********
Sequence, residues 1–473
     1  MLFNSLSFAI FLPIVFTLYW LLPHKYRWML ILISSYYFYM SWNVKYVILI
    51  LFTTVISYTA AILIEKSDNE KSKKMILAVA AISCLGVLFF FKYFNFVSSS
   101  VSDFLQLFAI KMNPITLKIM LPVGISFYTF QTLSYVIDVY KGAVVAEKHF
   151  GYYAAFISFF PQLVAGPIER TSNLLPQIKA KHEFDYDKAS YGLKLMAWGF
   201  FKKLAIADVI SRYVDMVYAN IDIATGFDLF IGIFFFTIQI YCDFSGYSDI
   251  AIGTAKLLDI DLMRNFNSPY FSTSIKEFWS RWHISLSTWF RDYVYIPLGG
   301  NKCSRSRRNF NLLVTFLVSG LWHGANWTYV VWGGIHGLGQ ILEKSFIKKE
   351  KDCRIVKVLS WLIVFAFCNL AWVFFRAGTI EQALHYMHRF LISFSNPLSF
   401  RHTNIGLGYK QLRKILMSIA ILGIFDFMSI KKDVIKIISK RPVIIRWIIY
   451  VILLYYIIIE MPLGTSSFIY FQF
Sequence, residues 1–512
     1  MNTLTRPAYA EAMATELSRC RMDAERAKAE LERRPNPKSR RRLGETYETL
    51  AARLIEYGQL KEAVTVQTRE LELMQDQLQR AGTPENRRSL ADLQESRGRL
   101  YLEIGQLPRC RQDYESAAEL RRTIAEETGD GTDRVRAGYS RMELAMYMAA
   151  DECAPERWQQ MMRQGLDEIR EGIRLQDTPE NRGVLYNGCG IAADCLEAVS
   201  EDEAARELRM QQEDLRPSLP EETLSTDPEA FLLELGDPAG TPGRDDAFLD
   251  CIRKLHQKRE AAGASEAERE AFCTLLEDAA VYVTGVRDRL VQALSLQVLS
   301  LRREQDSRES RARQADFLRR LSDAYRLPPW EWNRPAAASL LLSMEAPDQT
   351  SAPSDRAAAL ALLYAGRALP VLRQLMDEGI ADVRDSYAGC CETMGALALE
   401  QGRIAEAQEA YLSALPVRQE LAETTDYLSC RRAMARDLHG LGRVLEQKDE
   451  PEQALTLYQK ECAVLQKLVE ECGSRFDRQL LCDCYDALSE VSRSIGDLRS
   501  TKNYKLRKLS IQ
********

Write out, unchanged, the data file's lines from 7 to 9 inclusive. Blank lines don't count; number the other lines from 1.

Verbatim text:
   251  AIGTAKLLDI DLMRNFNSPY FSTSIKEFWS RWHISLSTWF RDYVYIPLGG
   301  NKCSRSRRNF NLLVTFLVSG LWHGANWTYV VWGGIHGLGQ ILEKSFIKKE
   351  KDCRIVKVLS WLIVFAFCNL AWVFFRAGTI EQALHYMHRF LISFSNPLSF